A new EU leadership team is preparing for office in Brussels. The chances that they will support more generous Brexit terms for a UK government led by Boris Johnson or Jeremy Hunt lie somewhere between remote and non-existent.
Ursula von der Leyen, the nominee for European Commission president, was scathing last year about Brexit. She called it a “burst bubble of hollow promises . . . inflated by populism . . . castles in the air”.
Two years before she became Germany’s defence minister in 2013, Ms von der Leyen spoke in favour of a “United States of Europe” modelled on the federal systems of Germany, Switzerland and the US.
This makes her an object of deep suspicion among diehard UK Conservative party Brexiters. However, like most German politicians since her country’s unification in 1990, she pays lip service to a politically united Europe but does little about it in practice.
On Brexit she steers closely to the line of Chancellor Angela Merkel. Ms von der Leyen warned in April that a hard Brexit would be “the worst possible start” to the close EU-UK long-term relationship that Berlin wants.
Ms von der Leyen said on Wednesday that she was open to extending the Brexit deadline: “If the United Kingdom needs more time, I think that’s the right way to go.” She told a British MEP: “Though I still hope you remain, it is in our interests to have you sort things out.”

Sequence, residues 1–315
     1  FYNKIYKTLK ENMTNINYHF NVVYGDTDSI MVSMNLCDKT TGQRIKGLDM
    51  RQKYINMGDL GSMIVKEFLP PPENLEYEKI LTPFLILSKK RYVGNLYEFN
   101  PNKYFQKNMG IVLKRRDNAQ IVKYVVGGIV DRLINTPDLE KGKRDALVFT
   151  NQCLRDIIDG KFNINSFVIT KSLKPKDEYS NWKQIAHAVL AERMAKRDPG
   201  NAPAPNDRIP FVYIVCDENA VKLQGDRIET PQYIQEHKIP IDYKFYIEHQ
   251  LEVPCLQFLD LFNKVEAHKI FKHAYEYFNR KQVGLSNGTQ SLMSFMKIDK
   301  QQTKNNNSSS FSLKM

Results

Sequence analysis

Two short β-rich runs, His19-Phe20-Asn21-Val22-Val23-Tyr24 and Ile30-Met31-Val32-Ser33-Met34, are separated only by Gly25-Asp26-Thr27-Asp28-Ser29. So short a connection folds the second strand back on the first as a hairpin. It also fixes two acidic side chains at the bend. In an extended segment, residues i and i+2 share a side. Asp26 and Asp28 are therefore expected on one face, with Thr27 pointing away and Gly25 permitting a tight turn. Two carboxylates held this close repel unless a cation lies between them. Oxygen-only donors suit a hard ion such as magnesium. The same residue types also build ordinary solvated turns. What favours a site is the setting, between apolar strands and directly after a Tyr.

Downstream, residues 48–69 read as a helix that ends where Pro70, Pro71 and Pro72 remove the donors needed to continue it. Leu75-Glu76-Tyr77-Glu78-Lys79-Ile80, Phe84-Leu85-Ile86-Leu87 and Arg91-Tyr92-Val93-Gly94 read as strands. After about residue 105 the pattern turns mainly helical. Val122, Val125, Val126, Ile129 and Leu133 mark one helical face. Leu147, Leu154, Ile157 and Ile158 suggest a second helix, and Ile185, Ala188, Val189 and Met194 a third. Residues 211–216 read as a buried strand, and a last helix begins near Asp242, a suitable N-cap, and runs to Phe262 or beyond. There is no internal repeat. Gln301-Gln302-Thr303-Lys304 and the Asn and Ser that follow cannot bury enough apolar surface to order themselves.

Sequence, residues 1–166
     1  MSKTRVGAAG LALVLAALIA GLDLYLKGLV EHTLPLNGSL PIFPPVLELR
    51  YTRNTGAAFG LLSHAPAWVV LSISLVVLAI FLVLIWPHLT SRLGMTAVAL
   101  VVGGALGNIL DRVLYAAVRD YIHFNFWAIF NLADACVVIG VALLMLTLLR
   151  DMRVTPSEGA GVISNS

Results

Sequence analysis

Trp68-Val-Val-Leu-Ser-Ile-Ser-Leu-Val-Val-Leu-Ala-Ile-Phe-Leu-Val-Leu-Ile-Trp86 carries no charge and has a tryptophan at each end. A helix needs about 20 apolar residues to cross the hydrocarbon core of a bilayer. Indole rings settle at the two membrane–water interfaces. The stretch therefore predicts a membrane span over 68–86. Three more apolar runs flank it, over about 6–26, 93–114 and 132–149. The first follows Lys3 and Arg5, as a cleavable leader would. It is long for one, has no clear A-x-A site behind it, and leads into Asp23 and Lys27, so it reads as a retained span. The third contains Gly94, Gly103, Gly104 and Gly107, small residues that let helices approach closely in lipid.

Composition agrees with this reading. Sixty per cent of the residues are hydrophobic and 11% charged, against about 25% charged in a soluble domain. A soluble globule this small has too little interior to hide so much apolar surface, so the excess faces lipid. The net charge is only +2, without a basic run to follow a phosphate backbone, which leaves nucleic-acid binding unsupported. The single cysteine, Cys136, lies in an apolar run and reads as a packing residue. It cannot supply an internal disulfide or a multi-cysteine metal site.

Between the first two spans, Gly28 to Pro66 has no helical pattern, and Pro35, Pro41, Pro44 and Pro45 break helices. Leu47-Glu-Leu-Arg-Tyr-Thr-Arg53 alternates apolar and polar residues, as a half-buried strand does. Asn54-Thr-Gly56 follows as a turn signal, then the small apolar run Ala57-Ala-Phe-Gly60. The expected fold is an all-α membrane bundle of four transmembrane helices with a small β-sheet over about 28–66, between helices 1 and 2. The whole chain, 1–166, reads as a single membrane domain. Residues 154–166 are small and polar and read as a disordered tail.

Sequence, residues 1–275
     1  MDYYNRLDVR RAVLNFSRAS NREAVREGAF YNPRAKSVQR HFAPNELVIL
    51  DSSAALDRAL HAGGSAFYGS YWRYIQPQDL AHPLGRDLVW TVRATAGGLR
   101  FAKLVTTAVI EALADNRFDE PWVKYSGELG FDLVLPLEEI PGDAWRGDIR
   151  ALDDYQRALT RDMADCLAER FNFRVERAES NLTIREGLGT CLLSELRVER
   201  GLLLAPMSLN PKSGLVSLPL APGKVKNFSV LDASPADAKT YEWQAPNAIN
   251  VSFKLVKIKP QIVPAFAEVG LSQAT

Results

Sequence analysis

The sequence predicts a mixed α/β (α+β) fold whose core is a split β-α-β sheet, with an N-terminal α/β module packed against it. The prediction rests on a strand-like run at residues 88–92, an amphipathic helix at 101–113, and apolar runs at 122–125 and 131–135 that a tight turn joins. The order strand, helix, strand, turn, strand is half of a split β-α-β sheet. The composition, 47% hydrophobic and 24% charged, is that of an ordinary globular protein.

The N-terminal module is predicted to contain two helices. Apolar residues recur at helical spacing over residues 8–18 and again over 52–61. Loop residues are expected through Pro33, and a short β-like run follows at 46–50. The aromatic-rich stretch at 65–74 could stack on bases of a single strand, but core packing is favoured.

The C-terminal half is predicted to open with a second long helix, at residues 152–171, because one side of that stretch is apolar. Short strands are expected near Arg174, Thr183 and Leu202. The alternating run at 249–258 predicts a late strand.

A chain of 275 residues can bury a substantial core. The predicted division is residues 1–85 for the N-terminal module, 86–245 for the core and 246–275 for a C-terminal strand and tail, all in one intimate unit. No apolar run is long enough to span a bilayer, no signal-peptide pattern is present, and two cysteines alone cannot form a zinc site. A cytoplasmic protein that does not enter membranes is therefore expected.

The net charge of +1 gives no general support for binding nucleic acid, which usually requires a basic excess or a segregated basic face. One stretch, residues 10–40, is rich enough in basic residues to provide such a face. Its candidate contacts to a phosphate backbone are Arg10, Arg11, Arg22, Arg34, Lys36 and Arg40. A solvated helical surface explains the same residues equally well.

Her views are softer than those of Charles Michel, Belgium’s prime minister. He will replace Donald Tusk as head of the European Council, which groups EU government leaders. On Brexit Mr Michel said in February that “between a ‘no deal’ and a bad deal, I prefer a ‘no deal’, which will have the merit of clarity and responsibility”.
Mr Michel sounds tougher than Mr Tusk, who, like most central and eastern European leaders, was aghast at the UK’s vote in 2016 to leave the EU. As council president, Mr Tusk supported a long extension of the Brexit deadline, perhaps hoping to secure an eventual reversal of the UK’s decision.
Georgina Wright at the Institute for Government makes the point that Ms von der Leyen, if confirmed as the next commission president, will not take office until November 1 — in other words, after the UK’s latest Brexit deadline of October 31. Mr Michel will not assume his duties until December 1.
It follows that, if Mr Johnson and Mr Hunt sincerely believe they can extract concessions from the EU on Theresa May’s Brexit deal before October 31, they will face the same EU negotiators who gave nothing of substance to Mrs May this year.
Another factor, almost lost from sight in the Conservative party’s leadership contest, is that the EU’s approach to Brexit has been guided all along by Ms Merkel, French president Emmanuel Macron and other national leaders.
They are unanimous in the view that the withdrawal deal agreed with Mrs May in November last year cannot be changed.
However, if the British parliament passes this deal, or something very close to it, the EU leaders may offer to extend the UK’s post-Brexit transition period beyond 2022, as Mujtaba Rahman of Eurasia Group argues.
Moreover, in the event that the UK’s political circumstances change significantly between now and October 31, another time-limited Brexit extension is likely.
Nonetheless, respect for British politicians in continental Europe has rarely been as low as today for Mr Johnson and Mr Hunt.
As Christoph Meyer of dpa, the German news agency, wrote (here in German) after Tuesday’s televised debate between the two contenders: “Boris Johnson, the favourite, doesn’t think much of facts. His opponent Jeremy Hunt remains colourless.”
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